One of the best ways to assess what your students need and what they understand is by walking around the classroom and listening to your students.

Teacher talk time:

Think of ways to reduce teacher  talk time and increase student talk time! Students  learn from doing.

How to stop students from speaking their own language:

At an elementary level, students will of course need to use some of their own language in the classroom in general. Students may need to discuss their comprehension of grammar,vocabulary and instructions together and this will be helpful to them as they process their understanding of English.However, in controlled practice activities and freer practice activities, students should be using only English. You will therefore need to make it clear to students that in these activities they must only use English. It is a good idea here to implement the points systemwhereby students can lose points for their team if they don’t use English (you could appoint some monitors to help you catch naughty students out!). (more…)

Twenty Practıcal Uses Of A Computer For The Efl Professıonal by Chris Elvin

Twenty Practıcal Uses Of A Computer For The Efl Professıonal
by Chris Elvin
This paper is a list of the uses that I have for my computer as a high school teacher of English as a foreign language.
This is not a how to guide. Nor do I offer an evaluation for of any of my teaching ideas; suffice to say that none of the suggestions is particularly groundbreaking, and that if they have not yet been tried and tested, similar activities have.

1) To make worksheets
I start with perhaps the most obvious use of a computer, to make teaching resources for classroom use. Some worksheets that I make are to support the language learning aims of the syllabus, while others are made to more closely meet the students’ needs or wants, by allowing them to be part of the resource creating process.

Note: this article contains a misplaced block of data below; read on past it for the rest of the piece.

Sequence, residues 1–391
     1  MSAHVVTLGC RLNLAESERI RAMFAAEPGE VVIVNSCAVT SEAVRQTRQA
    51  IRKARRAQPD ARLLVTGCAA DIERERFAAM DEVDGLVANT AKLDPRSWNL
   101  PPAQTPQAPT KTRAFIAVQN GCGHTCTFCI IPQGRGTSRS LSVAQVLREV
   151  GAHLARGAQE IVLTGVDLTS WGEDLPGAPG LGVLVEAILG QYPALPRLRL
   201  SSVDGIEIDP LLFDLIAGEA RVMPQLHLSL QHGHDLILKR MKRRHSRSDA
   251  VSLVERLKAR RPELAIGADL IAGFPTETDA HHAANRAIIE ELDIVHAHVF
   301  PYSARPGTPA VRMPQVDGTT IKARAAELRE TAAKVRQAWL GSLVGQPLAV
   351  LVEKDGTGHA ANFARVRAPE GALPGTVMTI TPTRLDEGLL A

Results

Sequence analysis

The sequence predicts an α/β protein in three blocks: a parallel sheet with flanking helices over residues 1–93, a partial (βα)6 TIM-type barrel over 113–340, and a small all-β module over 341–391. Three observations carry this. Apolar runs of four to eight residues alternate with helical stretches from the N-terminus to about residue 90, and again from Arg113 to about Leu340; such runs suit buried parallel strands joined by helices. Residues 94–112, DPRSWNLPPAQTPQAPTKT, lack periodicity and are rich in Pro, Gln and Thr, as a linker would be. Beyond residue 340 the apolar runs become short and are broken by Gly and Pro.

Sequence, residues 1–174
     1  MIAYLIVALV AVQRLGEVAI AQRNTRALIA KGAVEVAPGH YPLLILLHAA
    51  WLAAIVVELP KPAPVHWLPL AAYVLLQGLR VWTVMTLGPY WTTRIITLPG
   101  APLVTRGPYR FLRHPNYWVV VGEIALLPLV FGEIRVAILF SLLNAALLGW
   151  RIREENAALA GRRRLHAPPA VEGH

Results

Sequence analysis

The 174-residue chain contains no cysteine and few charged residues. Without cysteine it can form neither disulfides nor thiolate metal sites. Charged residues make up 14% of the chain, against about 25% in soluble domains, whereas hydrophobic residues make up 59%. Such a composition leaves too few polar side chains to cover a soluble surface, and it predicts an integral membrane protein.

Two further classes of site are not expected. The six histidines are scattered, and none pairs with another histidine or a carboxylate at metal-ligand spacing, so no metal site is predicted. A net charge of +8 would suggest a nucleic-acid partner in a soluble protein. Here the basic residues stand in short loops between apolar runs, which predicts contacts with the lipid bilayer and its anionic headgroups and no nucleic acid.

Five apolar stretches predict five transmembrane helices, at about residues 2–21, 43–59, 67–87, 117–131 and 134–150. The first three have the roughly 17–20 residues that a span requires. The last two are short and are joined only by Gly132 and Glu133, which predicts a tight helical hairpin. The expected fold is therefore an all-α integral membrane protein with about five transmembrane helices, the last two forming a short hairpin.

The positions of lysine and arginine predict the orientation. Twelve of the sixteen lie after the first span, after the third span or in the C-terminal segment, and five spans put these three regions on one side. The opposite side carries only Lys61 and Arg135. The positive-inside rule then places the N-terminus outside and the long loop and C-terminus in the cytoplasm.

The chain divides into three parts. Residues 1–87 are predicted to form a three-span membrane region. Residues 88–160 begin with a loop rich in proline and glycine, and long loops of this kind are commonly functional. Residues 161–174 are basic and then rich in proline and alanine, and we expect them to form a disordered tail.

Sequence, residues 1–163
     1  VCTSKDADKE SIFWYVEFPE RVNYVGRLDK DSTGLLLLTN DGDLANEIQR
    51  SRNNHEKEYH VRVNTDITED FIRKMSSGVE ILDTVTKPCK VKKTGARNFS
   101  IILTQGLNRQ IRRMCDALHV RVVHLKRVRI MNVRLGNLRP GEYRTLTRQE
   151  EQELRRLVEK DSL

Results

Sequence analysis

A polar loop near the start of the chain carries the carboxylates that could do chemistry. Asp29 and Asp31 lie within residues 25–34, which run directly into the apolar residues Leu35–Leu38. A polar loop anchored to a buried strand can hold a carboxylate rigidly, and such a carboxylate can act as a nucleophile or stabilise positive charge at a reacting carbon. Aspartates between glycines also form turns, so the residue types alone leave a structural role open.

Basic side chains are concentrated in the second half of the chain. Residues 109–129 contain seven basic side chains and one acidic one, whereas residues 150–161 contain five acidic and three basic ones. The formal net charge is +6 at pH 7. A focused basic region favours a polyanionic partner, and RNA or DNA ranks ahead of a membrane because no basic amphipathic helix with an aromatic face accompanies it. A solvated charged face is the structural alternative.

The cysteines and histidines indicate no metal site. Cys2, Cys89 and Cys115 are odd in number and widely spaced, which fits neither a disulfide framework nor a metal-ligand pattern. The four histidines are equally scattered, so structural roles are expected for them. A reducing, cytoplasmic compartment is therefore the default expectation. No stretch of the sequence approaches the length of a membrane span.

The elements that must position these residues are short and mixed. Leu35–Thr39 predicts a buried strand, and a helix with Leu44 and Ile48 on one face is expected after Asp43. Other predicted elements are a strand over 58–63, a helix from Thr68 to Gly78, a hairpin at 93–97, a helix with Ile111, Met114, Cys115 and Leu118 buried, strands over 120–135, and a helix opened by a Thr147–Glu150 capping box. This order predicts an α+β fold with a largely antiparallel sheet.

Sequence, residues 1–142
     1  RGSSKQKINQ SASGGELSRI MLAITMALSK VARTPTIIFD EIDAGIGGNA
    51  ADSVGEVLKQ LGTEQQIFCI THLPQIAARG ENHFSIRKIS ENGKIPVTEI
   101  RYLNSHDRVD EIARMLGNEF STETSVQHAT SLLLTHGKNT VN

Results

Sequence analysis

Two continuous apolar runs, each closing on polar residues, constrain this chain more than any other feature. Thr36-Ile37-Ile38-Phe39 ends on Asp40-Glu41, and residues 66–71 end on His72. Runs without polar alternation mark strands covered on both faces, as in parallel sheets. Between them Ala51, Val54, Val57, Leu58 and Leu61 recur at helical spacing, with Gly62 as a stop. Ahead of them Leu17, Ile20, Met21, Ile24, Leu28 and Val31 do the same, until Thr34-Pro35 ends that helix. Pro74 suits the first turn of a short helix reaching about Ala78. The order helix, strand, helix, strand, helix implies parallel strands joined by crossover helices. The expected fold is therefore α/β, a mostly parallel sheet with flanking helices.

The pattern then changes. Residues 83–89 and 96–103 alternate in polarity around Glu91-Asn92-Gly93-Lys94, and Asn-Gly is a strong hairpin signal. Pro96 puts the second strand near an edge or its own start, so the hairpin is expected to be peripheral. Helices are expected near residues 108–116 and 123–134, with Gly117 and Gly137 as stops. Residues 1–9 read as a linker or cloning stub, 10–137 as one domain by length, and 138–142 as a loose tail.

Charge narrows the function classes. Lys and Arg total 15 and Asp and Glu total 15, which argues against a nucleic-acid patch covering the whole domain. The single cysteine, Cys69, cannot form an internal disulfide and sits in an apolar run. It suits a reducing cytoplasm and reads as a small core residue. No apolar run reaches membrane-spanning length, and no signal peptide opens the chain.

For example, to review a topic, or a language structure, I hand out slips of paper and ask students to write down two or three questions that they would like to ask their classmates. In a preformatted Excel page, it is a relatively easy task to quickly type, sort and edit the students’ questions, before pasting into PageMaker and printing. These questions can be used for pair work, group work, quizzes, class discussions, or to play board games such as Snakes and Ladders, or its Japanese equivalent, Sugoroku. Similarly, student generated word lists can be used to play TV games such as Blockbusters (see Cribb, 2001) and Attack 25 (on Japanese TV).

2) To play DVDs
You can, of course, play DVDs from a DVD player. I use my computer to play short interesting sections of DVD movies that have a clear language learning point worthy of study. The advantage of DVDs over videocassettes is that you can choose whether or not to show subtitles, and also choose the language in which the subtitles can be viewed. Generally speaking, my students learn best by watching first with no subtitles, then with Japanese subtitles to get the gist, and finally with English subtitles to focus more closely on form. (more…)